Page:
sufficiently relevant sources among “other elites,” which in turn left the public uninformed
about this issue. Since there was no incentive for the media to report on this issue, the
geopolitical message failed to cascade to the public, hence leaving Congressional officials
without signal from both public opinion and the media that they should promulgate the
geopolitical discourse on Iran more forcefully. Another possible explanation for the
reluctance of both media and officials outside of the government to promote the
geopolitical discussion on Iran could reside in the notion of cultural congruence.
Conveying the idea that the United States has kept the brutal regime of Saddam Hussein in
power for years prior to his deposition in March 2003, is an idea that is not congruent with

the self-image of both journalists and the public in the United States. Hence, such frame
was not likely to be accepted by relevant parties in the media system in the first place. The
relevance of this situation resides in the fact that it bolsters the proposition that the “very
paucity of media images may reduce pressure on officials to consider changing problematic
policy,” (Entman, Livingston and Kim, 2009, p. 701) Coupled with the fact that the
coverage focuses on violence and other tactical outcomes of the War that are more
convenient for journalists in the light of mounting commercial pressures, the public is
arguably deprived of crucial information necessary for holding the government
accountable. Iran-supported Iraqi Shiite faction that causes the largest number of American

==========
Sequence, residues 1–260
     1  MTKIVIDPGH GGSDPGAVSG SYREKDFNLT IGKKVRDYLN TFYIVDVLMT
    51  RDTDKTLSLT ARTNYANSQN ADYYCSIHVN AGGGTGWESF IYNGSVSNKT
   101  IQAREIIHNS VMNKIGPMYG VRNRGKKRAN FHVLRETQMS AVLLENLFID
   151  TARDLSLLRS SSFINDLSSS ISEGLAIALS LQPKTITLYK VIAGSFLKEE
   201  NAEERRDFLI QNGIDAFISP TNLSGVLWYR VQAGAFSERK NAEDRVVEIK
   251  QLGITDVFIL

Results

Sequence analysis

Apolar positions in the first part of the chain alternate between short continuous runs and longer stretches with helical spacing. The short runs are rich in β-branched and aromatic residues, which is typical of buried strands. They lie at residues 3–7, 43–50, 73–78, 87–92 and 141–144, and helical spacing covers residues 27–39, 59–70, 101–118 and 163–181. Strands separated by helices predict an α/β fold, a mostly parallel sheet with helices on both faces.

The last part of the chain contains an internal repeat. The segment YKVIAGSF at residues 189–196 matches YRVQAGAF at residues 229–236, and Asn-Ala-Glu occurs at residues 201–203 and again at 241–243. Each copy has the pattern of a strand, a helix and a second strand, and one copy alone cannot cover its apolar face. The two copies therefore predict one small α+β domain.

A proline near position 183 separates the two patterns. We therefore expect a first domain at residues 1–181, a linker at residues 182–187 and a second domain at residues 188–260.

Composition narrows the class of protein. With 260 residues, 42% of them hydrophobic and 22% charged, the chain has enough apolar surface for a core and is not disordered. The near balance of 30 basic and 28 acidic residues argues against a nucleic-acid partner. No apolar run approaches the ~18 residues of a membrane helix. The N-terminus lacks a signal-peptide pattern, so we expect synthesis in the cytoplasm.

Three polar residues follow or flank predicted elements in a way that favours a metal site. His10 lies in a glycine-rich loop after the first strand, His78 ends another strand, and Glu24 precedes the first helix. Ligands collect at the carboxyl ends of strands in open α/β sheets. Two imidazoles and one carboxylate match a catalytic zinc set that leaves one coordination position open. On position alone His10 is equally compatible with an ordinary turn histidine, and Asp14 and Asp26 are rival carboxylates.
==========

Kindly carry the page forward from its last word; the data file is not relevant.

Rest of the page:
casualties or violence at any given time is the one that typically garners media attention; a
more complex discussion about multiple levels of Iranian support of Shiite factions is also
rarely examined or lost amidst the prominence of reports of military deaths and violence.
This type of coverage contributes to the neglect of long-term, strategic outcomes of the
War: instead of being used as a case for demonstrating the strategic policy failure behind
US government’s decision to invade Iraq, Iranian influence is repeatedly used as an excuse
for the lingering US presence in the country.

Coverage that predominantly frames Iran as a”meddling force” without conveying
geopolitical outcomes of the Iraq War, and relies on official sources for information should
also demonstrate the presence of “authority-disorder” bias in media coverage (Bennett,
2001). Furthermore, even when Iranian support for different Shiite factions seems
contradictory, as exemplified in the reports of simultaneous backing of Nouri al-Maliki and
Moqtada al-Sadr for instance, the news media would fail to point that out, reporting these